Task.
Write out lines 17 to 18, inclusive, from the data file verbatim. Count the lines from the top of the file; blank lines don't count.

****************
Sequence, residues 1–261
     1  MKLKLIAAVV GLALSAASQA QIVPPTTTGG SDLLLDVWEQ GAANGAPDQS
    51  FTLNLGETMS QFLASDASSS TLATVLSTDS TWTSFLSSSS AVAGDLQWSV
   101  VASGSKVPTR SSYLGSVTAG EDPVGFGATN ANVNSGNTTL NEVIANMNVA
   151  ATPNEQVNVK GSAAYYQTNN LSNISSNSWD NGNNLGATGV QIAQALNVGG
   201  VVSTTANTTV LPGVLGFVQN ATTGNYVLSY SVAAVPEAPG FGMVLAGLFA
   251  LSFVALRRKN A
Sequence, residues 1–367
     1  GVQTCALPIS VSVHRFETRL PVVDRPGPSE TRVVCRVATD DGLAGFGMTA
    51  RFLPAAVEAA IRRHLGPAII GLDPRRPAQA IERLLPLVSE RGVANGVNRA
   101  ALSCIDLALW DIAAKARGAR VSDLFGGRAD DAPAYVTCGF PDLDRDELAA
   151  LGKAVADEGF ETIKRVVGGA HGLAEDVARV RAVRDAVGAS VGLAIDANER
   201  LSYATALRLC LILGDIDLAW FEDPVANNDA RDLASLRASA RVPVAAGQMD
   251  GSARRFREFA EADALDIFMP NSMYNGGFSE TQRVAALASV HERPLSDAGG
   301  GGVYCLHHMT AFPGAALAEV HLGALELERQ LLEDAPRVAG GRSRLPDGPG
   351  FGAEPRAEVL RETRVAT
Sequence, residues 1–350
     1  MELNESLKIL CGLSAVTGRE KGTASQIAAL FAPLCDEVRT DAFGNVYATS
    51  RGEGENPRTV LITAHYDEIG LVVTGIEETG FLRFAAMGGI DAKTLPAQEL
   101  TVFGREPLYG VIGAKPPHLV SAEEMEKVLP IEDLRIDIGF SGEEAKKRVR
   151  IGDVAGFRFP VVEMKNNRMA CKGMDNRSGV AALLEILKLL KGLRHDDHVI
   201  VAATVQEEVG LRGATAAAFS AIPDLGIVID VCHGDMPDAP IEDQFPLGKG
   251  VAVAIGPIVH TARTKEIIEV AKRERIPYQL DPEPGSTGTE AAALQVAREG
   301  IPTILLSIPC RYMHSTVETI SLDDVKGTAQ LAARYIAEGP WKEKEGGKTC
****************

Sequence, residues 1–350
     1  MELNESLKIL CGLSAVTGRE KGTASQIAAL FAPLCDEVRT DAFGNVYATS